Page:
Muttusami Ayyar, J.
1. I took part in both the decisions to which my learned colleague refers in his judgment, and the observations made in Venkatachalam v. Mahalakshmamma * were made with reference to the length to which the decided cases had proceeded. The period for making the deposit is prescribed by the Legislature with reference to all cases, and it is at all events necessary for the petitioner to show 'that he was diligent in due time to be prepared to lodge the deposit within the limited period.' But the affidavit before us does not show that he used due diligence for procuring the necessary funds before the 25th March last.
2. Though it was urged at the hearing that he had letters in his possession from certain persons who promised to lend if he waited till the jaggery season in the local market, yet no affidavits were filed by them. Nor is there anything to show that he had applied to them for loans in sufficient time before the expiration of the prescribed period. It does not appear to me that a promise by the petitioner's friends to lend on the arrival of a particular season in the local market is a sufficient cause for extending the prescribed time or cogent reason within the meaning of the Privy Council decision, especially whan regard is had to the facts of the case with reference to which the Lords of the Judicial Committee used the expression.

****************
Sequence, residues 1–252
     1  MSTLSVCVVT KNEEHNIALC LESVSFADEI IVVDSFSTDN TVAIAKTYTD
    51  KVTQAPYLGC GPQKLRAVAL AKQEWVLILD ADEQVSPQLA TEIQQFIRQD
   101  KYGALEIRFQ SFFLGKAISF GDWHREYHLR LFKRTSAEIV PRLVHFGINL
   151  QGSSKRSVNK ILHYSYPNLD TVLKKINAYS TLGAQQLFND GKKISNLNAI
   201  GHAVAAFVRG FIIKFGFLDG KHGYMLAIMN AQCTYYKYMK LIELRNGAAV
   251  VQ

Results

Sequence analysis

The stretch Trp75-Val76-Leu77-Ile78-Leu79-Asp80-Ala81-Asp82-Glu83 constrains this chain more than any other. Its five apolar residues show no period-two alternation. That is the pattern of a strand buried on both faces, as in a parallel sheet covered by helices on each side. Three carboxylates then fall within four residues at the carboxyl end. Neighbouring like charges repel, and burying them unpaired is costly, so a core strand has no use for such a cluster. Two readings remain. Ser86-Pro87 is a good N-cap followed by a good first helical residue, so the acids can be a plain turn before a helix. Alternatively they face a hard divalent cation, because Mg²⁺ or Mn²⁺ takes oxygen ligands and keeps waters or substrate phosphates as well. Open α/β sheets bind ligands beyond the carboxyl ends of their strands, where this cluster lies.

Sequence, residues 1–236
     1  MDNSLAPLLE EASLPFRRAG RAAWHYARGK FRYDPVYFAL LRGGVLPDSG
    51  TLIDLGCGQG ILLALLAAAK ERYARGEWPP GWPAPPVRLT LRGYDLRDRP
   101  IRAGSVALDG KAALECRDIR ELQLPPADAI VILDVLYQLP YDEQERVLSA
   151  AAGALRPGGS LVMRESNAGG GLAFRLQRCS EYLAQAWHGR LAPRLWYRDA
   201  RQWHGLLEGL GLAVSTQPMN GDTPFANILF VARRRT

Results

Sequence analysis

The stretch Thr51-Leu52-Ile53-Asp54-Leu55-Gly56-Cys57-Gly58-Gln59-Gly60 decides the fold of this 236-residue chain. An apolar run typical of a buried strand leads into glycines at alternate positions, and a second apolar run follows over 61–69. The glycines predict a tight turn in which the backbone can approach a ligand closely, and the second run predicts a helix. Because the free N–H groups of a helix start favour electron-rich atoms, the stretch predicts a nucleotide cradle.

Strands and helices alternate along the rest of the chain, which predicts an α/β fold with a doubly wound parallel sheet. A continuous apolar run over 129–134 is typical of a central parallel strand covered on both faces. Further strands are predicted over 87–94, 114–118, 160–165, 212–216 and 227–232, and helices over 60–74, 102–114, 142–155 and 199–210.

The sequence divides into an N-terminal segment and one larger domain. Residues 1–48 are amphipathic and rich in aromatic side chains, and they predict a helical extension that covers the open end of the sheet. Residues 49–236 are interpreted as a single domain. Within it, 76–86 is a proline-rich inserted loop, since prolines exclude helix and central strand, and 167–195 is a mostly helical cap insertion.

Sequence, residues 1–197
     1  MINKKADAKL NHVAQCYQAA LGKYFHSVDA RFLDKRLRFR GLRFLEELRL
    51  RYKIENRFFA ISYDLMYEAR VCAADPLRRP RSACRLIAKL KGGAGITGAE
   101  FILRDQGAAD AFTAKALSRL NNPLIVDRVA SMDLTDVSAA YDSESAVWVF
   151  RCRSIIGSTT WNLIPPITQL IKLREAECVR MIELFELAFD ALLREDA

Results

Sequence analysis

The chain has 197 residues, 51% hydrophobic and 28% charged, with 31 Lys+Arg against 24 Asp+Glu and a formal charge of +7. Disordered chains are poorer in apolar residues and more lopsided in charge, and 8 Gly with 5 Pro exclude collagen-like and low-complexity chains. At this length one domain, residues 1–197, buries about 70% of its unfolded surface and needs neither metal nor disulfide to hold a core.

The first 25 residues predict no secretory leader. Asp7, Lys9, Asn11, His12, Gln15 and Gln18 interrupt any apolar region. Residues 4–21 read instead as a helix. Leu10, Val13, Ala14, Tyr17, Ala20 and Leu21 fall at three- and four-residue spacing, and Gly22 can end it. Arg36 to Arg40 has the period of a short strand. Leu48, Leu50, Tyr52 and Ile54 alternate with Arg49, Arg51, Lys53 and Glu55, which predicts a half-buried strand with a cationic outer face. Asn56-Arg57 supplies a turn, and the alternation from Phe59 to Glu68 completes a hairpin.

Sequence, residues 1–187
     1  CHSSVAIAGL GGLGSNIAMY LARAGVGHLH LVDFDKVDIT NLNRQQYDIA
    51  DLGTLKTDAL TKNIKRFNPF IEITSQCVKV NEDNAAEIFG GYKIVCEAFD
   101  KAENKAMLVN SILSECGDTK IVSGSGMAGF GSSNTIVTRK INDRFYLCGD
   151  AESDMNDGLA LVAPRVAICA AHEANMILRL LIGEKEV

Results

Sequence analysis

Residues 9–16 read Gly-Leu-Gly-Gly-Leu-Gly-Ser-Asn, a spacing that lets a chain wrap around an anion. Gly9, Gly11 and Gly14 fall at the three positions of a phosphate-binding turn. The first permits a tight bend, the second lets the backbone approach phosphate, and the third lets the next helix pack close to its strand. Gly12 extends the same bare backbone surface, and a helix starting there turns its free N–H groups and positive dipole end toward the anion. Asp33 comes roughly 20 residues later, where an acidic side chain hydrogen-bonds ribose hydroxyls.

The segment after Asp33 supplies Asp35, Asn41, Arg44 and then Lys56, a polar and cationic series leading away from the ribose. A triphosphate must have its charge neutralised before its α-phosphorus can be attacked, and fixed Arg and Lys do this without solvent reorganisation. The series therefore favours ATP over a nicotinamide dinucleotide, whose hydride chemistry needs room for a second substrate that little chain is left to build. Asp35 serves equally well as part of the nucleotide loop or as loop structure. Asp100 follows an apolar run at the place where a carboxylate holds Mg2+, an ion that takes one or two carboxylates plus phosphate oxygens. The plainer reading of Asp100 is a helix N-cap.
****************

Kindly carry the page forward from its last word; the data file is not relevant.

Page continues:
3. It is true that the petitioner was permitted to sue in the Original Court and to appeal to the High Court in formd pauperis, but the prescribed period of six months from the date of the appellate decree and of six weeks from the date of the certificate is ordinarily sufficient for raising funds on credit. This is not a case in which any arrangement made within the prescribed time for obtaining a loan proved infructuous from some unforeseen cause.
4. I am therefore of opinion that no sufficient cause or cogent reason is shown for granting the application. I would refuse the application.